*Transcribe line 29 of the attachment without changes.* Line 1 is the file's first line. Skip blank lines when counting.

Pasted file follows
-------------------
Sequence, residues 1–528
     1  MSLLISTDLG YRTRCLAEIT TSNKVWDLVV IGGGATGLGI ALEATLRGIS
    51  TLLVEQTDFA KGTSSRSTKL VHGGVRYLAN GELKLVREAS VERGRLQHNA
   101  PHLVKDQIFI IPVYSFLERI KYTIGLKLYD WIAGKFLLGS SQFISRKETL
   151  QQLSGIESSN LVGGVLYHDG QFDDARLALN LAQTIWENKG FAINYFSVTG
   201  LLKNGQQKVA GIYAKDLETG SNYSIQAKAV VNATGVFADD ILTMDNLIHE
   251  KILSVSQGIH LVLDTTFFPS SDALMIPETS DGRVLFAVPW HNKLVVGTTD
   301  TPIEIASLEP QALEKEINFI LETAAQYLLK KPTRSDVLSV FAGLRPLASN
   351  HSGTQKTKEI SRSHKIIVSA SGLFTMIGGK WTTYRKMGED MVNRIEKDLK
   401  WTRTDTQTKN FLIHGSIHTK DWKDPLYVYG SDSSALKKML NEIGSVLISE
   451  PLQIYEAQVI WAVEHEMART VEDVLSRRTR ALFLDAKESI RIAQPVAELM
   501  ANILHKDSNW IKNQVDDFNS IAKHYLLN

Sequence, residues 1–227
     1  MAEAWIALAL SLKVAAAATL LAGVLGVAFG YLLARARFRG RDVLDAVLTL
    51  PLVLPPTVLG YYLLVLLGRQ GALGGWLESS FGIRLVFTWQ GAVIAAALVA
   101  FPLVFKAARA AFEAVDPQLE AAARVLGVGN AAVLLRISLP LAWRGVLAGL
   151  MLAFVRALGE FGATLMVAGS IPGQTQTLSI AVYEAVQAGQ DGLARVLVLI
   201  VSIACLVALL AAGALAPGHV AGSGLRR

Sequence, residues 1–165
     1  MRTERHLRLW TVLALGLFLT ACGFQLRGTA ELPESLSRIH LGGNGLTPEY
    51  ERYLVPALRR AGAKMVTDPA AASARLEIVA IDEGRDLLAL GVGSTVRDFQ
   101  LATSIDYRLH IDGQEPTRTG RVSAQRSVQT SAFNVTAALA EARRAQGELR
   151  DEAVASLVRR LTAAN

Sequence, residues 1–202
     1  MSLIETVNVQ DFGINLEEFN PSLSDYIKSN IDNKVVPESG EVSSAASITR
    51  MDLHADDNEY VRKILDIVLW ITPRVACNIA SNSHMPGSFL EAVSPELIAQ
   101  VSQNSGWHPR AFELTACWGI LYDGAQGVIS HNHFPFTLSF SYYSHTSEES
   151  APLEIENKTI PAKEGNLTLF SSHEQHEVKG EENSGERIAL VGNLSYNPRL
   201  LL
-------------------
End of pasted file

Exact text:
   201  LL